When You Can’t Pray is a sequel to Finbarr Lynch’s SJ first book When You Pray. In When I Can’t Pray Fr. Lynch helps us to understand what happens when we draw close to God, when God draws close to us and gives us more of Himself in our personal prayer time. This can come about when prayer as we know it no longer seems to satisfy our longing. This book will lead us to a new depth in our relationship with God. We are drawn beyond words beyond our familiar long prayers, meditations, rosaries and devotional prayers of many words. This journey is open to all the baptized who are willing to give time, to trust and to listen to the great gift we have been given. The question is, however, are we willing to take the long journey from the head to the heart and in so doing respond to such a loving and personal God?
There is little time for prayer or reflection in our day because of the of the hectic way we live. Fr. Lynch describes the inner journey of personal growth coupled with growth in prayer. The journey starts when our desire to grow deeper, to get to the place beyond words, is greatest. We will have already grown in a personal relationship with God and cannot live our lives without him. We are more realistic about our world, less demanding on others, more forgiving and more generous in love as a result. We are on the journey and are being allured by the Lord to give him more of our heart in prayer and in daily life.
But, as Finbarr Lynch writes here, “Your preparation for prayer is how you live outside prayer, your attitudes, and choices you make, in your daily life, are what bring you to prayer. They dispose you for prayer, or impede prayer. How you are in your heart is your preparation.”
Fr Lynch takes his readers slowly through the various stages. This is not a book to rush. I recommend reading this book with a group, one chapter weekly. The group sharing is most helpful in leading us to understand the little steps we need to take to arrive at the final place, contemplative prayer, where we find ourselves in the hands of God. To enter fully into that inner life through prayer is to reach that final “island of peace”, where prayer wells up, often turning to an intense flame at times.
“Contemplative prayer is,” however, “never mastered, for God, who gives prayer, is always greater. In prayer, one dances with the Lord, who leads the dance ……. The important thing is the relationship with God, and this is 24 hours a day.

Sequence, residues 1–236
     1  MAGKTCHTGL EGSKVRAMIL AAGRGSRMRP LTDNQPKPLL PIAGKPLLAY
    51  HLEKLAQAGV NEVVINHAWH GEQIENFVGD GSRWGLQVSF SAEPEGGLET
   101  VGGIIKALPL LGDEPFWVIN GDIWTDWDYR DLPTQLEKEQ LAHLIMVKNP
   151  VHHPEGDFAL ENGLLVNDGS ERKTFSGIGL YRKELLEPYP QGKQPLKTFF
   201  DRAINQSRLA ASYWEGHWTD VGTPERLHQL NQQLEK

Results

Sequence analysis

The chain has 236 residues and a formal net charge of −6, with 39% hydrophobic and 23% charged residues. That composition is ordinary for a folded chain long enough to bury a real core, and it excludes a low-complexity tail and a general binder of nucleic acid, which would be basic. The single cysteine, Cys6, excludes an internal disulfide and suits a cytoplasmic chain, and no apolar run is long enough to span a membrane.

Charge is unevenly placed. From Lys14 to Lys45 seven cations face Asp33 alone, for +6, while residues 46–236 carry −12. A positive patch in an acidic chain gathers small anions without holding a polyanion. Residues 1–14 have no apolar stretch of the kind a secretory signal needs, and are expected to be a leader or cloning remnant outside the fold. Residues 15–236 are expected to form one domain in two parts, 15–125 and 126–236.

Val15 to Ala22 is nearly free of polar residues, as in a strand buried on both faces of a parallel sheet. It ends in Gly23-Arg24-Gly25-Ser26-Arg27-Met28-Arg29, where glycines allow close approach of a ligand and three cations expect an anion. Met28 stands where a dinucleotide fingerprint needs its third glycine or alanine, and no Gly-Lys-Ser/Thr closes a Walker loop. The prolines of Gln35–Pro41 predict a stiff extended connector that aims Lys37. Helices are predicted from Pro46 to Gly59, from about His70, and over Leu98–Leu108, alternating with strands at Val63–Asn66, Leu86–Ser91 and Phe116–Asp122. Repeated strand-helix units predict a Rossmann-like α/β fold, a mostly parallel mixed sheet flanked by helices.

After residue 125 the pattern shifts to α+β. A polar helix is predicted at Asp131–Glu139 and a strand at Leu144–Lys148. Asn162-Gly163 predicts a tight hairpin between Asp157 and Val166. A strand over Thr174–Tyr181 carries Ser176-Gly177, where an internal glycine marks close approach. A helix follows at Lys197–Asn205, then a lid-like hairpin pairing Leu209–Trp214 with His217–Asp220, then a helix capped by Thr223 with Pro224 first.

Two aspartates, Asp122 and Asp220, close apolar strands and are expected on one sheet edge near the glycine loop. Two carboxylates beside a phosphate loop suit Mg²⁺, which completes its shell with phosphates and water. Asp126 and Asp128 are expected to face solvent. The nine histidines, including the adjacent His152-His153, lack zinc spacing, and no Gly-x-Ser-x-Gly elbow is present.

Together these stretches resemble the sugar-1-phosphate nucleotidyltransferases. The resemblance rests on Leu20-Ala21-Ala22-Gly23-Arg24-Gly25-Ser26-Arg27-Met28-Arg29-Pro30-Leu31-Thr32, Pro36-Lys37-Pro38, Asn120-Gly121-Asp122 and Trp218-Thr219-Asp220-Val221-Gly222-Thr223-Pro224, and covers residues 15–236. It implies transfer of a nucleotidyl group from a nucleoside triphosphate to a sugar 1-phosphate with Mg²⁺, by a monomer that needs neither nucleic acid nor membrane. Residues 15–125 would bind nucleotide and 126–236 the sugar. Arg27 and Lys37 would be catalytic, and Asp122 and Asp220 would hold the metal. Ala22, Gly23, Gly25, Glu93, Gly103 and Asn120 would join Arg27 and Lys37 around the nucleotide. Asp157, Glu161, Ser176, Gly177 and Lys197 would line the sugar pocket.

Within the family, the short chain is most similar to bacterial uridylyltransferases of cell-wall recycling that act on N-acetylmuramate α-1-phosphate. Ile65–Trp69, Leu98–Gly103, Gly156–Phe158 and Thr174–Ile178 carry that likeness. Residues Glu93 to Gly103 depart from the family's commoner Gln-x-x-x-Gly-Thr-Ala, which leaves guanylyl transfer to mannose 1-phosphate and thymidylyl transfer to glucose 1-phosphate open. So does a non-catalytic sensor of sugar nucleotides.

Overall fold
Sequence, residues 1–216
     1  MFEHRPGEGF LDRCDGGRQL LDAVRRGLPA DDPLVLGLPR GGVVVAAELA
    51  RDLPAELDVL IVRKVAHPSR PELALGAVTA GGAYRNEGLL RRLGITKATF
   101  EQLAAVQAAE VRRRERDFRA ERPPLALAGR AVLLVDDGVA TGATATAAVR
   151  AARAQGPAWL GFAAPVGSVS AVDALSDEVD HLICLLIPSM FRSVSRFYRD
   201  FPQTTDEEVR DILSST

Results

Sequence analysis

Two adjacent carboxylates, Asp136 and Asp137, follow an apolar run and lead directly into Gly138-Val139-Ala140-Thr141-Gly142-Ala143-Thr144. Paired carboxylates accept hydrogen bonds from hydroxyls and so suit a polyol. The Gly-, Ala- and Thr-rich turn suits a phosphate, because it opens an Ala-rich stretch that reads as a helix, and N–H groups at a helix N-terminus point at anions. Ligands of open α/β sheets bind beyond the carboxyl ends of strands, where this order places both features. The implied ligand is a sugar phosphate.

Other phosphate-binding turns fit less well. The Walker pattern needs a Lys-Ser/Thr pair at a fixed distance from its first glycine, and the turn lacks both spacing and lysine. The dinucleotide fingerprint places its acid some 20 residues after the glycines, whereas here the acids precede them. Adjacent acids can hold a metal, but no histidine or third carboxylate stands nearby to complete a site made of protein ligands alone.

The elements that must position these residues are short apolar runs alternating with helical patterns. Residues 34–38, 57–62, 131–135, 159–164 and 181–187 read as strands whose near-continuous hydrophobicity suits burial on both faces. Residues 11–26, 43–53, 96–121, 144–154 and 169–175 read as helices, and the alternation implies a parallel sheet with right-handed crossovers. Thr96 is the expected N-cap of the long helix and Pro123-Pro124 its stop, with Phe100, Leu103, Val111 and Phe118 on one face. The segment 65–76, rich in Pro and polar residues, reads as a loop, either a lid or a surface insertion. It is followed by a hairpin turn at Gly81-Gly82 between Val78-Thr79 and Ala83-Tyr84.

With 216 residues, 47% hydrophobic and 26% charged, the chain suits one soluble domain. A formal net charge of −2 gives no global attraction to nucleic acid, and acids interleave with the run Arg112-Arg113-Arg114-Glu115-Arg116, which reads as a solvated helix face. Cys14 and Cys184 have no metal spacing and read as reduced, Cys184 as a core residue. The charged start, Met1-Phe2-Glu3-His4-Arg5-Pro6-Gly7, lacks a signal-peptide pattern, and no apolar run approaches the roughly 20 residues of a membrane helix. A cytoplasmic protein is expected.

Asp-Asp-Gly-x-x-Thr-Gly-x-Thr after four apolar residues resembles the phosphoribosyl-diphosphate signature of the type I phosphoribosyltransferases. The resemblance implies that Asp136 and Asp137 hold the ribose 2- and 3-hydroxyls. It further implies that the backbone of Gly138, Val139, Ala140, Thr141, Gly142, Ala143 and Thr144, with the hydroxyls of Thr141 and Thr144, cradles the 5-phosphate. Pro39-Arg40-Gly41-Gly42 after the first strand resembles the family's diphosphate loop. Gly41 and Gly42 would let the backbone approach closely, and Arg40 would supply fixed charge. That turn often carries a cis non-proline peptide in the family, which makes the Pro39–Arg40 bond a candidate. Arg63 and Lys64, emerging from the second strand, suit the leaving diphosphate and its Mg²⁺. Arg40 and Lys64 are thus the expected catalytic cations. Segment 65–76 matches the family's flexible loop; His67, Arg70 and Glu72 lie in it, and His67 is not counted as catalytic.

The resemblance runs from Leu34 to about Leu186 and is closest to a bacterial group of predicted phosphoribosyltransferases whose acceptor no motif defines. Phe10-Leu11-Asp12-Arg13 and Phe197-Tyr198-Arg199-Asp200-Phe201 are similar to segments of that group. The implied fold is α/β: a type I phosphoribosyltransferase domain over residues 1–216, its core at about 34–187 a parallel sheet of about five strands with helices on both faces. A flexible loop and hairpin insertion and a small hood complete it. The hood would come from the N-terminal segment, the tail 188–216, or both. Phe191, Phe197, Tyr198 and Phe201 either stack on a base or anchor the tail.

The shape of ones “prayer will arise from the shape of the relationship “[i]. The author makes clear that we need to continue to let ourselves be formed by Jesus outside of prayer by our active reflection on Scripture and by spiritual reading. Everything we do is a preparation for prayer– our devotional prayers, Masses, Rosaries, work and free time.
As we make our way on the journey of prayer we are brought face to face with the experience of the Cross in life. We discover from the example of Jesus that the Cross is a place where Christ is present and waiting for us. It is here that prayer and life grow to match each other and we can say, “I want to want only what the Lord wants”[ii]. The author reminds us that this part of the journey can go on for years.
Peter Costello in his review on this book on prayer for the Irish Catholic said “As regards that life outside, there was an old saying, derived from St Benedict: laborare est orare. Benedict supposed prayer, work and study to be equally important. But study should be more than reading over the past, it must be a preparation for making things new. Prayer should call us not to repeat the past, but to create the future. When You Can’t Pray will guide people to this end.”[iii]
Book Reviewer: Mary O’Dwyer
This book is available from Messenger Publications (2016).
[i] WHEN YOU CAN’T PRAY Finbarr Lynch Messenger Publications P 132
[ii] Ibid P 116
[iii] Peter Costello in “The Irish Catholic “ August 18th 2016